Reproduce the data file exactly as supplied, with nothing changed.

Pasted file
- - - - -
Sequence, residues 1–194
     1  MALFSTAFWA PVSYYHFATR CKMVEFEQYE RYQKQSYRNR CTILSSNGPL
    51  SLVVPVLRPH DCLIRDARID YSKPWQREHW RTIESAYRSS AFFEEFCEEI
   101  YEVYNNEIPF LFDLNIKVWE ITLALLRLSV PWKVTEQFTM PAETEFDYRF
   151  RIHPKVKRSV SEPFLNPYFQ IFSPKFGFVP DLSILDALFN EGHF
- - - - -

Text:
Sequence, residues 1–194
     1  MALFSTAFWA PVSYYHFATR CKMVEFEQYE RYQKQSYRNR CTILSSNGPL
    51  SLVVPVLRPH DCLIRDARID YSKPWQREHW RTIESAYRSS AFFEEFCEEI
   101  YEVYNNEIPF LFDLNIKVWE ITLALLRLSV PWKVTEQFTM PAETEFDYRF
   151  RIHPKVKRSV SEPFLNPYFQ IFSPKFGFVP DLSILDALFN EGHF